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Your Weekly Constitutional
You are a part of the American Experiment.
Category: News & Politics
Location: Virginia, USA
Produced in partnership with James Madison's Montpelier, Your Weekly Constitutional is a public radio show featuring lively discussion of controversial constitutional topics, from Gay Rights to Gun Rights. Find us on Facebook and iTunes!
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We are a radio show about interesting and controversial issues involving the United States Constitution, issues like Gay Rights...


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April 29, 2016 03:00 AM PDT

What's going on in North Carolina? Paypal is cancelling expansion plans, other state governments are refusing to visit, and Bruce Springsteen -- Springsteen! -- has cancelled a concert.

Apparently, our good friends in NC are now at ground zero in the culture war, which increasingly pits rural Republicans against urban Democrats. The city of Charlotte passed an antidiscrimination ordinance protecting LGBT rights, and the state called a special legislative session to repeal it. Governor McCrory immediately signed the repeal statute. Apparently, the big issue is the use of public bathrooms by transgendered people. Oh, boy . . . or, perhaps we should say, oh, girl . . . .

April 14, 2016 07:37 AM PDT

In this extraordinary election year of 2016 we keep hearing a lot of dark references to “populism” on both the left and the right. But what does “populism” mean, and why does it have such a negative connotation? Aren’t we a popular democracy? And isn’t democracy good?

Woody Holton, a University of South Carolina history professor, thinks that democracy is, in fact, a good thing - at least sometimes. He’s even written a book about it: "Unruly Americans and the Origins of the Constitution."

Woody’s story contrasts with the history you probably learned in high school, where George Washington, James Madison and a few other rich guys did all the heavy lifting. As it turns out, they had lots of help.

March 12, 2016 04:40 AM PST

The death of Associate Justice Antonin Scalia has led to a titanic political and constitutional struggle between the President and Congress. Will the Constitution dictate an outcome? Or will the political process offer the only hope of a resolution?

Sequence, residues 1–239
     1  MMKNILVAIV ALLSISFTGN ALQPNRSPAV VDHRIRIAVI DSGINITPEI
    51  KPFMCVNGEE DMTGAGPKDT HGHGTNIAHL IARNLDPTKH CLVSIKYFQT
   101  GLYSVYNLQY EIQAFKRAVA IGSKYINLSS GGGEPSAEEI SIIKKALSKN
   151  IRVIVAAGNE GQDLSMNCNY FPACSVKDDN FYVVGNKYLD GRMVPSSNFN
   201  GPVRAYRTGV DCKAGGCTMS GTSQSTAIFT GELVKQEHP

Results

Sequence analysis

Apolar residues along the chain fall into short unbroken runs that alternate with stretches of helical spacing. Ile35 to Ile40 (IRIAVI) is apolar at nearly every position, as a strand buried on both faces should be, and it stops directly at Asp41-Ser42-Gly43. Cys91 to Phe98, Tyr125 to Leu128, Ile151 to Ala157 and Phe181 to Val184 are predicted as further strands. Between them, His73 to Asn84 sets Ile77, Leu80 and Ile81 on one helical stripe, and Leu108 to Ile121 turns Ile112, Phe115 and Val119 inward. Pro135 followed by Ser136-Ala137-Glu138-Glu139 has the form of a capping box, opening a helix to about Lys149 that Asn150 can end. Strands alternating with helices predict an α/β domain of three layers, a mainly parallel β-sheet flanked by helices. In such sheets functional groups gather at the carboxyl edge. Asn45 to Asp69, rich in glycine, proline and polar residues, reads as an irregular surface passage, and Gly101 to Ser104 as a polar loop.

Join Stewart and Professor James P. Melcher of the University of Maine at Farmington as they address the question: what will happen After Scalia?

March 04, 2016 08:17 AM PST

To be President of the United States, the Constitution requires you to be a "natural born Citizen." But what does that mean? Specifically, what does it mean for Republican presidential candidate Ted Cruz?

The answer may surprise you. Join us for a fascinating discussion with two law professors who'll tell us all about it. And don't forget your birth certificate.

February 26, 2016 06:51 AM PST

It's been six years since the Supreme Court has ruled on a Second Amendment case. What's up with that?

Plenty, it turns out. This week, Stewart speaks with two experts on the Second Amendment, law professor Adam Winkler of UCLA, and gun rights advocate David Kopel from the Cato Institute.

February 19, 2016 07:29 AM PST

To paraphrase Forrest Gump, money and politics go together like peas and carrots. That's especially true since the Citizens United decision came down in 2010. And a number of people are very concerned about it.

Join Stewart and author Derek Cressman for a discussion of his new book, "When Money Talks: The High Price of 'Free' Speech and the Selling of Democracy."

February 12, 2016 10:24 AM PST

After centuries of neglect, Alexander Hamilton is finally having his historical moment.

Join Stewart and ConSource Executive Director Julie Silverbrook as they discuss one of the most under-appreciated of the Founders, a fellow they call "Ham the Man."

February 05, 2016 12:29 PM PST

President Obama wants to formalize the longstanding practice of the U.S. government allowing millions of undocumented aliens to remain in the United States. Donald Trump wants to step up deportations and ban all Muslim immigration.

But does any president have that much executive power?

Join us as we speak to University of Chicago law professor Eric Posner about this controversial constitutional question.

January 29, 2016 04:40 AM PST

How much do you know about President William Howard Taft?

We thought so. And, no, he didn't get stuck in his bathtub.

He's actually notable for something else entirely: he's the only person to have served as both President and Chief Justice of the United States. Yeah, beats the bathtub story, doesn't it?

We'll give you the facts, courtesy of the friendly staff at the Taft National Historic Site in Cincinnati, where Stewart and his son Tom recently went for a visit. Join us!

January 24, 2016 09:30 AM PST

Where does money come from? What is "the gold standard?" And, while we're at it -- what exactly is money?

More to the point, what does the Constitution have to say about all of this? Quite a bit, it turns out. And at times in our constitutional history, Congress's power to "coin money, regulate the value thereof, and of foreign coin" has been front and center on the political and economic agenda.

We'll speak with UC-Davis historian Eric Rauchway about his new book, "The Money Makers," which takes us back all the way to the Great Depression and a couple of fellows named Franklin Delano Roosevelt and John Maynard Keynes.

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